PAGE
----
America's Crack-Up


by Vladimir Bukovsky

Exactly one hundred years before I was born, the great Russian writer Nikolai Gogol prophetically described Russia as a troika rushing headlong for no apparent reason or purpose, just for the joy of fast driving:


“O troika, thou bird of a troika! Who was it that first thought thee up? It must have been a resourceful nation that gave thee birth in a land that brooks no nonsense, but has spread its plains, smoothly, evenly, over half of the world; and now go, count its milestones until everything is blurred before your eyes.


And no elaborate job either is this contraption of a vehicle. No iron screws hold it together. An ax and a chisel—that was all a smart Yaroslav peasant needed to make it and fit it in a jiffy. The driver wears no German top boots: he is all beard and mittens, and sits on—the Devil alone knows what it is he sits on. But the moment he has half-risen in his seat, has swung his whip and struck up a song, off shoot the horses like a whirlwind …


… And thou, Russia, art not thou, too, rushing headlong like the fastest troika that

is not to be outdistanced? The road smokes under thee, the bridges rumble, everything

Falls back and left behind. Lost in amazement at this, God's own miracle, stands the

onlooker. Is this not a flash of lightning sent down from heaven? What is the meaning,

of this awe-inspiring onrush? What is the mysterious force that is contained in these

steeds? O ye steeds, steeds—what steeds they are! Do whirlwinds dwell in your manes? Is every fibre of yours endowed with a quick, eager ear of its own? The moment you hear the familiar song above your heads, you strain your mighty chests of bronze, all as one, all at the same instant, and barely touching the earth with your hoofs, you become transformed into straight lines flying through the air, and the troika dashes along, all inspired by God. Russia, whither art thou speeding? Answer me!.. She gives no answer. The jingle bells pour forth their wonderful peal, the air, torn to shreds, thunders and turns to wind. Everything on earth is flying past, and the other nations and states, eyeing her askance, make way for her and draw aside.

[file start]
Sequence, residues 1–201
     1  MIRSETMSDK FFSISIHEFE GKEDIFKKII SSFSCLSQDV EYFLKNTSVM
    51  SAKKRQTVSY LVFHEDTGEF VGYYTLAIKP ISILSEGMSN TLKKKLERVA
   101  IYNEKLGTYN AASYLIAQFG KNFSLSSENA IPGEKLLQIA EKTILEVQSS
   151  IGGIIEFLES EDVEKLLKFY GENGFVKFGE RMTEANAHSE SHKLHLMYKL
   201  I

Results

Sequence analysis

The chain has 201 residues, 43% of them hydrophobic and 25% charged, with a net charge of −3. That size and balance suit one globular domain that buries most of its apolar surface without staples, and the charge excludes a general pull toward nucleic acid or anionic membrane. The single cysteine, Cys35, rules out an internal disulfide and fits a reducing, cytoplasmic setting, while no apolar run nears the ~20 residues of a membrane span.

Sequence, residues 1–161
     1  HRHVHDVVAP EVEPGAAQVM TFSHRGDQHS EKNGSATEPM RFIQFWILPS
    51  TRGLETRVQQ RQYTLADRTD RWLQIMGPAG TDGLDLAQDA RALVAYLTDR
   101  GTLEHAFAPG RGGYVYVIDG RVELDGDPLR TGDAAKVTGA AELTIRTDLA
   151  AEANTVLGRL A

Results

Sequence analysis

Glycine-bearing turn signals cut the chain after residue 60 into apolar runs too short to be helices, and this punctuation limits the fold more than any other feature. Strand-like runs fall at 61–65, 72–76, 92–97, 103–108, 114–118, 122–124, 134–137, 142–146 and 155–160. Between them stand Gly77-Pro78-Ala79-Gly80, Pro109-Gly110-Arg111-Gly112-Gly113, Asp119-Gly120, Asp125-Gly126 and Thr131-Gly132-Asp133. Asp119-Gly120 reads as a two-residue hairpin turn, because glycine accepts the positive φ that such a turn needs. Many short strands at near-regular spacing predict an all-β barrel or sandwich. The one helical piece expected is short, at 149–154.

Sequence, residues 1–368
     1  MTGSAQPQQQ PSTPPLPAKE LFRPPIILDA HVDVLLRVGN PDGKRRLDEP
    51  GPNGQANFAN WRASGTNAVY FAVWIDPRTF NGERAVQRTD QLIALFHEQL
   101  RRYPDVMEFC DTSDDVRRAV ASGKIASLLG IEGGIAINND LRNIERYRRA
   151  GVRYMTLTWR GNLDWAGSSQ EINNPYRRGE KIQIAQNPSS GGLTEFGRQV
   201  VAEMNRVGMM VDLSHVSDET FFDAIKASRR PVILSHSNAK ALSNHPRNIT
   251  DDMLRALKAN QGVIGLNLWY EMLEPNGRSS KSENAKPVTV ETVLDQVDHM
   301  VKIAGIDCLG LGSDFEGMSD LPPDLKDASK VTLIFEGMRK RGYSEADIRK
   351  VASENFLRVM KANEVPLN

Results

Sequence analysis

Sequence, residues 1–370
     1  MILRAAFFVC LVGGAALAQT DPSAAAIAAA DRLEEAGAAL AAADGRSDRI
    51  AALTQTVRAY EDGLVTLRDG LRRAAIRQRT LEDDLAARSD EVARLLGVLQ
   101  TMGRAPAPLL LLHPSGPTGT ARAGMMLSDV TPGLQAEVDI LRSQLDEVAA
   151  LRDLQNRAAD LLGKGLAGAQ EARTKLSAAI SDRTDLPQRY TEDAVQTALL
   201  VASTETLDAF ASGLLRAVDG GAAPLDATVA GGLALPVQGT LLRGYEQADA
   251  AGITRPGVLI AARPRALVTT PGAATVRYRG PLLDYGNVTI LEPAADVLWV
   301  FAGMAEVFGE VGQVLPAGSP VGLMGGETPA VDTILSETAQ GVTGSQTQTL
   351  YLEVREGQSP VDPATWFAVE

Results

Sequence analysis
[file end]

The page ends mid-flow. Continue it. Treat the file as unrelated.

The contemporaries of Gogol were at a loss at how to interpret such strange prophecy. The Russia of their time was a fabulously immobile country; no apparent rush was in evidence, or even hinted at. put now, a century and a half later, we have no difficulty identifying even the smallest details of the picture.


Who is so blind nowadays who cannot recognize this contraption of a vehicle called “developed socialism,” put together by a smart peasant in due hurry of a five-year plan out of odd bits and pieces procured from foreign lands? The Devil alone knows how the driver manages to hold on when the horses dash along, and why the unwieldy carriage does not fall apart at the first bump. 


And the steeds, those steeds... what steeds they are! I could write a whole poem about what these steeds think when they hear above their heads the all too familiar songs of proletarian solidarity and fraternal assistance, of eternal duty and the bright future. Their only hope is that the driver will somehow tumble down and break is neck as, all as one, they strain their mighty chests.


Still, the problem remains. No one knows where the carriage is going. She gives no answer, but continues her awe-inspiring onrush through Asia, Africa, and Central America. And the other nations and states, at their wits’ end after trying everything from containment to detente, still make way for her and draw aside.